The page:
I never thought I would ever mention Donald Trump, the 45th President of the United States, in the Golf Business Monitor. The reason for this is that I don’t want to talk about politics, but only about the golf club business.
Of course, I’ve written about Trump Turnberry before. I am reading now that Former U.S. President Donald Trump‘s two Scottish golf courses lost 4.4 million pounds ($5.44 million) in 2021. I assume 2022 was a better business year for these golf courses.
Trump International Scotland has already worked with golf course designers such as Mackenzie & Ebert and Dr. Martin Hawtree at Trump Turnberry and Trump International Golf Links.
Yesterday Donald Trump announced that work on his new MacLeod course – dedicated to his mother, Mary Anne MacLeod – was now beginning. He was accompanied by his son Eric Trump, Executive Vice President of the Trump Organization.
Dr Martin Hawtree, – who designed the initial championship links at the Menie Estate – was commissioned to design the MacLeod course.
Aberdeenshire Council approved the new course in late 2020 and Trump International Scotland. The new course will be built to the south and west of the existing championship course.
I did not find an answer to the question of how and to what extent the plans of the new golf course will meet the requirements of environmental protection and sustainability.
By investing in sustainability (see ESG: Environment, Society, Governance), your golf club will be judged not only on short-term financial gains but on a broader picture of what and how you contribute to society at large.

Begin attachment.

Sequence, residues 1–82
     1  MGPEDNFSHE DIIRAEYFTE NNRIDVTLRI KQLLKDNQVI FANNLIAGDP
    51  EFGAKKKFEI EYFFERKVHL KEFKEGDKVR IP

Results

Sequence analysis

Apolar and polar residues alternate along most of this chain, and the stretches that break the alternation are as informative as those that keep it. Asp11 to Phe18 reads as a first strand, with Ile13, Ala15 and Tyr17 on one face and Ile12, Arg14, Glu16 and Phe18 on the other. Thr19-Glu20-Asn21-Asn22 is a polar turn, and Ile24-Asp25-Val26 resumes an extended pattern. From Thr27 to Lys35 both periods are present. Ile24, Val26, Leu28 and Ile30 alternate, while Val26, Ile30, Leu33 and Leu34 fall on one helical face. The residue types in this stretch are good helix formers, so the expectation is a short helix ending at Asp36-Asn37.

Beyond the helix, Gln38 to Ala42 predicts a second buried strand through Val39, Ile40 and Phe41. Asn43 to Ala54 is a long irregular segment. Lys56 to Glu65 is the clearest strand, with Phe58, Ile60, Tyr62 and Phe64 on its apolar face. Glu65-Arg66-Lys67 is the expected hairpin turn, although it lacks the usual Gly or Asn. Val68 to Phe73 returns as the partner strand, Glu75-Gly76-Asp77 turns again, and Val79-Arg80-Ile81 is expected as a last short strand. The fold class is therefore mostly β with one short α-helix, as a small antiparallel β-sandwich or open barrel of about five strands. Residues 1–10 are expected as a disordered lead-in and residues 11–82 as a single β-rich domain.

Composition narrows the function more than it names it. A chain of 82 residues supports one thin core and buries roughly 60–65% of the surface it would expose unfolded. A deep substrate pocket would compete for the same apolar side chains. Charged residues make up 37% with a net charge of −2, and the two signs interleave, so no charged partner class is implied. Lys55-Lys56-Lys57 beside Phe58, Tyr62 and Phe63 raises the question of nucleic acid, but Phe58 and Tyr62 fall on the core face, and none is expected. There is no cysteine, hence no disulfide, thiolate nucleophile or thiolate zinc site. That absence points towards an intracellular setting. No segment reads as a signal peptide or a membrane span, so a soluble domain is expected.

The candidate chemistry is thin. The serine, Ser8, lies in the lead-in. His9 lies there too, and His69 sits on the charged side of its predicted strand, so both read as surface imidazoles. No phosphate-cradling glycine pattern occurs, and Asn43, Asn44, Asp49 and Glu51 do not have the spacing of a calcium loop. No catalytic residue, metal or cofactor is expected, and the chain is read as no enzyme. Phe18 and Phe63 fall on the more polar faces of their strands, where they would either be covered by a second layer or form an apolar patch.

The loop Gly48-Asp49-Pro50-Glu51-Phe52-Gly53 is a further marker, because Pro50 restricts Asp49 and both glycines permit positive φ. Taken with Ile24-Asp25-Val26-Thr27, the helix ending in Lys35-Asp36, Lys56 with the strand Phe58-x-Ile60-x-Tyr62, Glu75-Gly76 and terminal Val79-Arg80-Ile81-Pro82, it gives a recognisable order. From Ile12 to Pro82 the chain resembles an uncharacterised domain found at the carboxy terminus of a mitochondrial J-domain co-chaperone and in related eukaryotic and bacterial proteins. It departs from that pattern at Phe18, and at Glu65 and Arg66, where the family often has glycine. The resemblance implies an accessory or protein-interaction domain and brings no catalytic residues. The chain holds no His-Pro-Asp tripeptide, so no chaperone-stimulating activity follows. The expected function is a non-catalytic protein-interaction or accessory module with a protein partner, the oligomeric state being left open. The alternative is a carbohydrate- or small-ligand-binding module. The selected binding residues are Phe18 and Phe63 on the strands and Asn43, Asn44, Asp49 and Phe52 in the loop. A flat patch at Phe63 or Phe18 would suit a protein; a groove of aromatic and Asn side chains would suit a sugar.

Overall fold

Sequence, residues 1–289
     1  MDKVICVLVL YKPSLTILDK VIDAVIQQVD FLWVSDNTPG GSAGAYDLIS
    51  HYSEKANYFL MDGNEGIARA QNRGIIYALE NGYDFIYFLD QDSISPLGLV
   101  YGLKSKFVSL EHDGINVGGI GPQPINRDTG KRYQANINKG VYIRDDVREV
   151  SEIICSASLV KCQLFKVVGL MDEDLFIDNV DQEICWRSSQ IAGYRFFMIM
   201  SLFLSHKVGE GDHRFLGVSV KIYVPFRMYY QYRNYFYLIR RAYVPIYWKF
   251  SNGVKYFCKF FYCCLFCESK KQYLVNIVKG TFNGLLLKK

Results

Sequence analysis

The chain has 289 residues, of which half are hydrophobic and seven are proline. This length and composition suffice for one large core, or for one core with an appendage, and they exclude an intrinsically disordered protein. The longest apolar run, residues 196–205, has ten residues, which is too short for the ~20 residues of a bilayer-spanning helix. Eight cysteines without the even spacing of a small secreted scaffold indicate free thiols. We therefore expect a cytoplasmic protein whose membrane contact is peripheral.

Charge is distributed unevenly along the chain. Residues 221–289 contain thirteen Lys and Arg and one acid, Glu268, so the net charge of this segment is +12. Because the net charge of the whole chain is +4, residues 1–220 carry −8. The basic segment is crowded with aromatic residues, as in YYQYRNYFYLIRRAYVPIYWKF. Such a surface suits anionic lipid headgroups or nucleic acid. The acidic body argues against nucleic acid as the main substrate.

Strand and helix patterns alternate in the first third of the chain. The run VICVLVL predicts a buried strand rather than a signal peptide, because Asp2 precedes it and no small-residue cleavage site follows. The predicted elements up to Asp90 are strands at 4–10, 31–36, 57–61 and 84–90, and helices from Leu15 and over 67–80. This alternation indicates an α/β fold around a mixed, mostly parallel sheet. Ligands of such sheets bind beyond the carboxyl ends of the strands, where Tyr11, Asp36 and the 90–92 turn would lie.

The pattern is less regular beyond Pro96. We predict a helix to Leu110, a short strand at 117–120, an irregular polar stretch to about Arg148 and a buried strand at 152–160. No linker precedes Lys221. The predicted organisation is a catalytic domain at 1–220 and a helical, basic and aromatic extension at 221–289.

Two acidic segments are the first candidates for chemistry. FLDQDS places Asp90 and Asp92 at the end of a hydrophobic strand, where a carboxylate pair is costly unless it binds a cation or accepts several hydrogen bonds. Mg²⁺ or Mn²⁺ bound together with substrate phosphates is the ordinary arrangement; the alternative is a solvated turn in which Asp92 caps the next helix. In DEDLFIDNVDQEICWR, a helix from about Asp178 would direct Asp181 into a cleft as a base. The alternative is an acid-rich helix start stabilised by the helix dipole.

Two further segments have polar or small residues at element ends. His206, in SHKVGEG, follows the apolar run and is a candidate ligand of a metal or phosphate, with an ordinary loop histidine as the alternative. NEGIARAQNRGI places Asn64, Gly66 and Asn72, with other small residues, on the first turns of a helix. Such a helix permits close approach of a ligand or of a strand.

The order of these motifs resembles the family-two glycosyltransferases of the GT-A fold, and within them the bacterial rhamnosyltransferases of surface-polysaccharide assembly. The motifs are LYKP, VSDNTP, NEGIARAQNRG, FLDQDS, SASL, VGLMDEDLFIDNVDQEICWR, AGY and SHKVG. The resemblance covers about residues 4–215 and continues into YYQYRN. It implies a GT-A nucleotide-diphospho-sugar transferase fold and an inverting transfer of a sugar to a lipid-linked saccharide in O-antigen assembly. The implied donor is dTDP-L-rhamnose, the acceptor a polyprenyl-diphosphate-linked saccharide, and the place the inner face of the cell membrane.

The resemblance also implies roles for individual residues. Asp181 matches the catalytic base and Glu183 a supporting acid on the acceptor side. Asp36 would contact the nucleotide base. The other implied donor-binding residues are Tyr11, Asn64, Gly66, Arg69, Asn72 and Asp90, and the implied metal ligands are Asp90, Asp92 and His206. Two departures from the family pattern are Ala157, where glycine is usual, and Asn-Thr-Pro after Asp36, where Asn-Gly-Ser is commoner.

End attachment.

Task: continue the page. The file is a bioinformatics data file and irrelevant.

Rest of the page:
For this, reason I truly respect and appreciate Sentosa Golf Club‘s sustainability efforts and investments. They invested in
- Minimizing food waste;
- Water conservation: the club has become completely self-sufficient when it comes to irrigation.
- Sentosa Golf Club is planning to purchase certified carbon offsets through regional Forestry or Blue Carbon projects that will sequester atmospheric carbon while defending against deforestation and fostering the conservation of forests, mangroves, and reefs.
I can also see that consumers are opting for greener travel. A Euromonitor International study found recently
- More than 60% chose at least one sustainable feature compared to 75% selecting mass-market options like packaged holidays or shopping destinations.
- More consumers are now willing to pay extra for eco-friendly options too.
- Travel professionals stated that 58% of their customers were likely to spend more on sustainable products and services.